I received a number of emails saying,
“I don’t really get charging neutral.”
“Tell me more.”
“Give me more examples.”
Let’s work on this…
A characteristic of the skill charging neutral is almost always “making the other person right.”
Ok, now take it easy. Make him/her right!!!??? Are you kidding me??
Hear me out.
In almost all cases of infidelity there are underlying motives, unfinished business, levels of immaturity, questions about adequacy, a sense of lostness or lack of purpose or direction that triggers the act of infidelity.
Infidelity is not a very healthy choice.
The exception may be in the case of the sociopath – the “I Don’t Want to Say No” type of affair – where one may run into one who is truly “evil” (if you want to use that word.)
“Making him/her right” means you develop the capacity emotionally disengage from your tendency to argue, blame, criticize, attack and form negative judgments about that person.
Give plenty of S P A C E and dig beneath the obvious. And, then hang on to your self as you truly take the risk of knowing this person.
Listen to this example of charging neutral and what happened:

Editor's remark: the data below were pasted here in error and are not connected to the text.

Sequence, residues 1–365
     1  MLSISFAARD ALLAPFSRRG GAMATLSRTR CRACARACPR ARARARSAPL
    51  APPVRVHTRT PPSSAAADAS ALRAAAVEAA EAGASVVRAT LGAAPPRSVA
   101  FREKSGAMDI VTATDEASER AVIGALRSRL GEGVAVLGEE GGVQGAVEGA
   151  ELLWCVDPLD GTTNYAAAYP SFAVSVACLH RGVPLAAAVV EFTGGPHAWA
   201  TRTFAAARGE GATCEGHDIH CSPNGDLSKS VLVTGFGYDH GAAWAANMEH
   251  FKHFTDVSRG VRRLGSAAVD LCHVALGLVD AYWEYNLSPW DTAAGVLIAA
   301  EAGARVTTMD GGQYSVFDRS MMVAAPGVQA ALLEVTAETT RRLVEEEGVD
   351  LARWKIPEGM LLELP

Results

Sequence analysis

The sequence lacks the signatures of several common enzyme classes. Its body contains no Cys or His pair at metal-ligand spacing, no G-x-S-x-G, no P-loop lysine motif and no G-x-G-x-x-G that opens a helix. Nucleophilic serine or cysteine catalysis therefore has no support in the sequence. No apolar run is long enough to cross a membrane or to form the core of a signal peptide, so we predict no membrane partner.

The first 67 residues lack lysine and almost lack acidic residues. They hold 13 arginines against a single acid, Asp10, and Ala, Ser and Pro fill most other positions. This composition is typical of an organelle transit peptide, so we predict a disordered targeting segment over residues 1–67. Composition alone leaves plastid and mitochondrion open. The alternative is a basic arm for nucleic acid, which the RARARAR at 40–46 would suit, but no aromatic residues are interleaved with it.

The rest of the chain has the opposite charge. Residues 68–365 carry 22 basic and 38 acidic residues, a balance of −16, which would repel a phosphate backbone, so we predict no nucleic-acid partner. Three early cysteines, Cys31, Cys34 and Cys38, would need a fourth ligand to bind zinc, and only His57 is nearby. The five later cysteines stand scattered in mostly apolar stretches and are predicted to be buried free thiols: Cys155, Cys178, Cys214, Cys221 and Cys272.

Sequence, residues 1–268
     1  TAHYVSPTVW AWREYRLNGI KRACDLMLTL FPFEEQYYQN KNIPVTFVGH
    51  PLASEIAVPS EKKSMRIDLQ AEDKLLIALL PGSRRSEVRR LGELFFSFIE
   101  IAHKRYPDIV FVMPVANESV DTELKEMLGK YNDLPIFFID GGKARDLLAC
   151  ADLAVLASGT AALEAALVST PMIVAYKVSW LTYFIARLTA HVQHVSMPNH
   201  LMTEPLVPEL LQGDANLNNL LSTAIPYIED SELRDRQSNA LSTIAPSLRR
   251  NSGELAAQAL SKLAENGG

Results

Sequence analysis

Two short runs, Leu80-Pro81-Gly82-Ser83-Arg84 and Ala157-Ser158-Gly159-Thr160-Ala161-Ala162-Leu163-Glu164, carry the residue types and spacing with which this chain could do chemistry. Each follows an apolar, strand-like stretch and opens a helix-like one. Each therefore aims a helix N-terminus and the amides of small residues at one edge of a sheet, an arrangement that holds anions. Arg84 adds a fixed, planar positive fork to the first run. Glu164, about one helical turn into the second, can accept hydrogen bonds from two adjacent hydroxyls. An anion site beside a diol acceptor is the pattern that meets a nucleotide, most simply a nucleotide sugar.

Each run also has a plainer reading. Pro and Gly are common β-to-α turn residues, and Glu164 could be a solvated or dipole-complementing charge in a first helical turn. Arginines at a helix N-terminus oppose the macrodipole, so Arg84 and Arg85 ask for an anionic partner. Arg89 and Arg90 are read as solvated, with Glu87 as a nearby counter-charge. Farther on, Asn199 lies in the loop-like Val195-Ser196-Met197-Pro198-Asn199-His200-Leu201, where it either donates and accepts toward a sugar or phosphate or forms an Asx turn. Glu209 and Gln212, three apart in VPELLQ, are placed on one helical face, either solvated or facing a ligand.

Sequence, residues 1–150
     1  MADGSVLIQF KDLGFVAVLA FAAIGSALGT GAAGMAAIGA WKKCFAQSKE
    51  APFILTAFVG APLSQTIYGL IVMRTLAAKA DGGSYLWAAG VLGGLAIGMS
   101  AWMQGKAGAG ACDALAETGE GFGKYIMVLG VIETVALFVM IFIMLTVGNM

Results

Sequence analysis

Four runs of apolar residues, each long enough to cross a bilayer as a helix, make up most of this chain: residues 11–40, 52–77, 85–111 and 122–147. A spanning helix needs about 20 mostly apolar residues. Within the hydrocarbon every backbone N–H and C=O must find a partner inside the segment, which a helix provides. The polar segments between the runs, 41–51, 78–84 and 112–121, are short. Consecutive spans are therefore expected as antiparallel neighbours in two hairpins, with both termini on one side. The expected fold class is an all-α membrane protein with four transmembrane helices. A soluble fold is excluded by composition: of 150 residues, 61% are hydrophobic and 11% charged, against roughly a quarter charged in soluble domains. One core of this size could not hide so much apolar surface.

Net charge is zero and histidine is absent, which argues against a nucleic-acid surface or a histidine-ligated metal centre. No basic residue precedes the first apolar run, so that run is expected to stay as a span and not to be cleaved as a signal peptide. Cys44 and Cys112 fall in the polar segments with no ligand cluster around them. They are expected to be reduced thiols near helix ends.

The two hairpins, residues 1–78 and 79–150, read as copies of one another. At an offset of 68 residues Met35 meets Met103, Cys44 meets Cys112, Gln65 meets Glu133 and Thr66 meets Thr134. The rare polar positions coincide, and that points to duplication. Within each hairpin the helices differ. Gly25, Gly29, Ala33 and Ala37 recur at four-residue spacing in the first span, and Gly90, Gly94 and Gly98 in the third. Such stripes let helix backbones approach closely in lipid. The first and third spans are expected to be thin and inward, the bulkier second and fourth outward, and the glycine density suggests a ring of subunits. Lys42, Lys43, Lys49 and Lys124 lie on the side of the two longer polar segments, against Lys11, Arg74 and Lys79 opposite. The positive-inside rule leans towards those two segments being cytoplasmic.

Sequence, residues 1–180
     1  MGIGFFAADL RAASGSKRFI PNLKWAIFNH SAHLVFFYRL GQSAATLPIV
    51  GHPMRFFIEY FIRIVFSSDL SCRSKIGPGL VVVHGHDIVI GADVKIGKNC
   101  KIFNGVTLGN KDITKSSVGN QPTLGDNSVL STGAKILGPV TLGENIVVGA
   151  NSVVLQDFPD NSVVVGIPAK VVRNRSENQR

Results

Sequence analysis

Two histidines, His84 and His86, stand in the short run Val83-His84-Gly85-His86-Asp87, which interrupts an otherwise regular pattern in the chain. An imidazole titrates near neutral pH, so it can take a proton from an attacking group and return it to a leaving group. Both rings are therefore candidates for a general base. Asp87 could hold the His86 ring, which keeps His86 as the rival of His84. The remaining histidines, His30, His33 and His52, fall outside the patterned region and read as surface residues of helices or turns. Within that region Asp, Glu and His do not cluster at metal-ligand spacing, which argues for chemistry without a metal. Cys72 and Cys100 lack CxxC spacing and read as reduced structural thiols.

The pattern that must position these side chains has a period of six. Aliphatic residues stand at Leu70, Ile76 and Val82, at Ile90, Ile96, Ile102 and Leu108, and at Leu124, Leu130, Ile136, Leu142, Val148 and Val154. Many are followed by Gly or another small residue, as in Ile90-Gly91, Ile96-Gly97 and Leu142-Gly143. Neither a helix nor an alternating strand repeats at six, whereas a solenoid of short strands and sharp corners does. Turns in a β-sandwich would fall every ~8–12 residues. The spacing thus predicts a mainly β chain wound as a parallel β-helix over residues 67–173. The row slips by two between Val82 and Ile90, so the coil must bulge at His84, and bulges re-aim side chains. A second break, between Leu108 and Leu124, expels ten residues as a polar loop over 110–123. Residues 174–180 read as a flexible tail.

My spouse told me many times that the low level of intimacy in our relationship made him insecure and he found some of the security with the OP.
One of the reasons for the feeling of not connected with me was that he mentioned was that he never really felt that we both truly knew each other.
Although I do not find it to be in any way a justification for cheating on me for two years (or longer), I thought it would be great to get to know each other a little bit better.
One evening we met up at a local restaurant. I asked if he would like to play a game (asking each other questions about our likes, dislikes and desires).
The game soon developed into a conversation about how he always desired to experience sexual freedom.
Had I not known that I needed to charge neutral, this conversation would have ended up in me screaming at him or crying (most possibly- both). I would get him all defensive and my goal (making him analyze himself with possibly reaching the realization of all the inconsistencies in his thought patterns) would be even further away.
Instead I remained calm and supportive. It was amazing to me how honest I could be, without him feeling rejected or judged. I did not praise him for anything, I was even able to tell him how I felt about the issue.
He actually felt more understood and relaxed after the conversation. He even shared with me that he realizes wanting things that are mutually exclusive (me and the sexual freedom).
We still have a long way to go, and the future is uncertain, however, if there is anything that makes me hope at all it would be the charging neutral skill.
I can imagine that using the neutral charge in communication would be one of the building blocks of a truly honest and loving relationship.